Now that they've taken over Congress, Democrats want to show that they can govern. That means pushing practical, incremental solutions that might actually avoid a Bush veto. (So no proposals to implement a Canadian-style national healthcare system or a return to Jimmy Carter-era income tax rates.)
Take their plans to improve college affordability. The House Dems' "Six for '06" campaign agenda called for halving student loan interest rates, making student loans deductible, and increasing federal Pell grant funding. Pretty basic stuff. I mean, if you want more kids to go to college and decrease the loan indebtedness of those who do attend, you flip more federal cash at them, yeah?
Another option, one that Republicans have pushed, is to try to punish colleges and universities who hit students with big tuition hikes. An unsuccessful 2004 GOP bill would have permitted the government to cut direct subsidies to colleges and universities that repeatedly socked it to students.
But there is a third optionone promoted by the recently departed Milton Friedmanthat could in theory replace much of the current college financial aid system. (Indeed, there have been numerous studies showing that increased government financial aid fuels tuition increases to some extent.) The Nobel Prize-winning economist was in favor of "human capital contracts." As described to me by Prof. Gary Wolfram, a political economist at Hillsdale College in Hillsdale, Mich., a student in need of college financial aid would go to a venture capital market and obtain investors in his education. In return for that equitylike financing, the student would pledge a specific percentage of his future incomeas opposed to a loan's fixed interest rateover a specified period of time to be paid to the investor. Wolfram knows what this sounds like.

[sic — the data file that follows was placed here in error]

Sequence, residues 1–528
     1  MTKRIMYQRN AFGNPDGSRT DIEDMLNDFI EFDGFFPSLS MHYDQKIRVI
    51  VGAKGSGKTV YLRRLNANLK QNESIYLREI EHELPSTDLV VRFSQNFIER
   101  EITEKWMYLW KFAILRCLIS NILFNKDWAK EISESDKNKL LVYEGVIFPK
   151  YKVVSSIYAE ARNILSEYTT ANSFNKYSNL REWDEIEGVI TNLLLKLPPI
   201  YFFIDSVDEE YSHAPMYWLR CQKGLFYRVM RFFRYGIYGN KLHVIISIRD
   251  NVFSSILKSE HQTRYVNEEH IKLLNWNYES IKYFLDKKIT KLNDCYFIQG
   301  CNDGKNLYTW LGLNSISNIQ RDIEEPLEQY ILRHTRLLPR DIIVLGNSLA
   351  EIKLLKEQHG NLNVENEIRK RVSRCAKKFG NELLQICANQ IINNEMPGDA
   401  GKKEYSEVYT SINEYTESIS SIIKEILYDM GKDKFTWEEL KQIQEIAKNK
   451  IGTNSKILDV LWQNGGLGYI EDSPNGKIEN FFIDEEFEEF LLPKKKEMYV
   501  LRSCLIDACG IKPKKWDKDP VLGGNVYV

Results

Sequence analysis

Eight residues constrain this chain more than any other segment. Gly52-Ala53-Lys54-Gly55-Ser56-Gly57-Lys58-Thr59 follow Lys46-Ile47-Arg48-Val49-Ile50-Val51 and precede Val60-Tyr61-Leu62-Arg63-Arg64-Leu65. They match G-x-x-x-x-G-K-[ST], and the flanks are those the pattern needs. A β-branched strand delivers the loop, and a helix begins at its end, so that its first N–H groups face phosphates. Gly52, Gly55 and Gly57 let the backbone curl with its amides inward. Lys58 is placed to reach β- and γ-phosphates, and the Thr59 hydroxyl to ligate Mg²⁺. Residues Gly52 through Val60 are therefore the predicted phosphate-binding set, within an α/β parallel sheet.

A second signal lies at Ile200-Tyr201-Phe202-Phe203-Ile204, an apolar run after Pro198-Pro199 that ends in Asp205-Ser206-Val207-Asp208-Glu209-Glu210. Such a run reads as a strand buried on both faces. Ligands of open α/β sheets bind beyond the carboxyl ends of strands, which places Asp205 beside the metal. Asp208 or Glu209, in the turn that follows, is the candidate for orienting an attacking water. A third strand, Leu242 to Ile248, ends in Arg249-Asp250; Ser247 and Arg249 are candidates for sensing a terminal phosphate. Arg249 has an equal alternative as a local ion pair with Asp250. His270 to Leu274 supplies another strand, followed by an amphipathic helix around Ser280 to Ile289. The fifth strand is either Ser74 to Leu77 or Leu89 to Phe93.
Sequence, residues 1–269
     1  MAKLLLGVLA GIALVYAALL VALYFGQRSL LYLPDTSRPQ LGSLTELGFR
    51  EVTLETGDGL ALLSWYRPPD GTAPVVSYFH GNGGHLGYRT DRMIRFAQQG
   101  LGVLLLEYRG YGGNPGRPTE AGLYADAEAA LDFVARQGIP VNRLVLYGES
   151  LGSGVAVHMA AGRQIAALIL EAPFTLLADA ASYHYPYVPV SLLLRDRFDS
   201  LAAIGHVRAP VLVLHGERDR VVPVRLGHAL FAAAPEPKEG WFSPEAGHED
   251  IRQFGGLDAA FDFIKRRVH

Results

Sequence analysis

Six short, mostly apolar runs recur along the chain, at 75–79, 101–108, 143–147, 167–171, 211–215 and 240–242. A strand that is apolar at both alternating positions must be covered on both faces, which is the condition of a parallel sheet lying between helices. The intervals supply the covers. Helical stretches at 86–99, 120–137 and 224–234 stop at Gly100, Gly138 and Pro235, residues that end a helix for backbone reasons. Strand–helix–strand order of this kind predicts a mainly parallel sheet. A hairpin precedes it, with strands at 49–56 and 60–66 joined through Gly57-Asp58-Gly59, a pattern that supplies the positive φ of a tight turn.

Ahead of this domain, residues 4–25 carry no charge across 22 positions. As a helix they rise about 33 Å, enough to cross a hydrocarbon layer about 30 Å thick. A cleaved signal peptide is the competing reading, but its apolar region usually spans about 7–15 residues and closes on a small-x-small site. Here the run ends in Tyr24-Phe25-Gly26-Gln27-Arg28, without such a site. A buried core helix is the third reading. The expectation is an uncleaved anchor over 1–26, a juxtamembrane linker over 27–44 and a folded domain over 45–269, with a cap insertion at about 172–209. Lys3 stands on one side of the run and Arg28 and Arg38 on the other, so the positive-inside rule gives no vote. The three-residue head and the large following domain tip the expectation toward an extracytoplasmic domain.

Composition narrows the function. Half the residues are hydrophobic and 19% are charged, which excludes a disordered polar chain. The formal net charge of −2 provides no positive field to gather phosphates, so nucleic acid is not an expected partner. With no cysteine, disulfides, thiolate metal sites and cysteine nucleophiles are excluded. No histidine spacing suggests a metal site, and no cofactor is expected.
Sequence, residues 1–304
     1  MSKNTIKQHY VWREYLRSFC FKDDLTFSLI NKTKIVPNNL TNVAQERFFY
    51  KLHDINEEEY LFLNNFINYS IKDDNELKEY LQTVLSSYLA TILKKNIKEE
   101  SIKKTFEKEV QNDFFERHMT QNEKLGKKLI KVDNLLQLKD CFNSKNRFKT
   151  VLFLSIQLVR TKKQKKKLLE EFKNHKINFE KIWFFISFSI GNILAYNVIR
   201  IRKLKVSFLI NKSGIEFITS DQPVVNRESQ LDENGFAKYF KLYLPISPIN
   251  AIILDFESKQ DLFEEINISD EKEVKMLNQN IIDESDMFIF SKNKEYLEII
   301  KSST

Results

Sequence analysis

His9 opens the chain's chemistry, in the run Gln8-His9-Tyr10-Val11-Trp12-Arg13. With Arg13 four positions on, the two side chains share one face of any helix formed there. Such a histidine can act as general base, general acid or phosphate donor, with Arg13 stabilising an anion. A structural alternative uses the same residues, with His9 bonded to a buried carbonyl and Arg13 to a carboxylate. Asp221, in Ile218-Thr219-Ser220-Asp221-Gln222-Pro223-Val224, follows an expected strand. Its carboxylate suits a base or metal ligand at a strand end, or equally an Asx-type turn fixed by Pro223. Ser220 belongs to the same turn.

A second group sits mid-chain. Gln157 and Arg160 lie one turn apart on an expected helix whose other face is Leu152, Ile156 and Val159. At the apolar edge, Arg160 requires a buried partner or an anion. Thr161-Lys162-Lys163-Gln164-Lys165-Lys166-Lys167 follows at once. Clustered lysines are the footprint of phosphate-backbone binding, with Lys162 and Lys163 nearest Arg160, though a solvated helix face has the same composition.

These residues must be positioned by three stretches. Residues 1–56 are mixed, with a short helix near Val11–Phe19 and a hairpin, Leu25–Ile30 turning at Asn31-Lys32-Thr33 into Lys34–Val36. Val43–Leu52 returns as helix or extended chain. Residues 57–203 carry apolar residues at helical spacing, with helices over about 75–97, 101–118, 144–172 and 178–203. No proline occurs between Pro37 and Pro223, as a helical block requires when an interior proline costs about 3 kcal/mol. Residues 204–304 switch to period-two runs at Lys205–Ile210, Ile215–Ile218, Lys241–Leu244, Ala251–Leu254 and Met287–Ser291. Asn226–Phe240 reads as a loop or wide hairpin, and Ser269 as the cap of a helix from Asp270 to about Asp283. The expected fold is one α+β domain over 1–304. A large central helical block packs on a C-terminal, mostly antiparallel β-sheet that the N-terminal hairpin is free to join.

"It sounds like some sort of indentured servitude," he says, laughing.
But how is this different, in that respect, from taking out a federal student loan and having to pay back Uncle Sam? Eventually, human capital contracts could be combined into investment pools so the default risk could be spread over a large number of students. And as Wolfram explains in a study, "As the market for these contracts developed further, shares in the funds would be traded in the same way that individuals purchase shares in such things as real estate investment trusts. This would create an economically efficient way to finance higher education that would allow students to graduate without having to fear that their future earnings would not be sufficient to pay their student loans."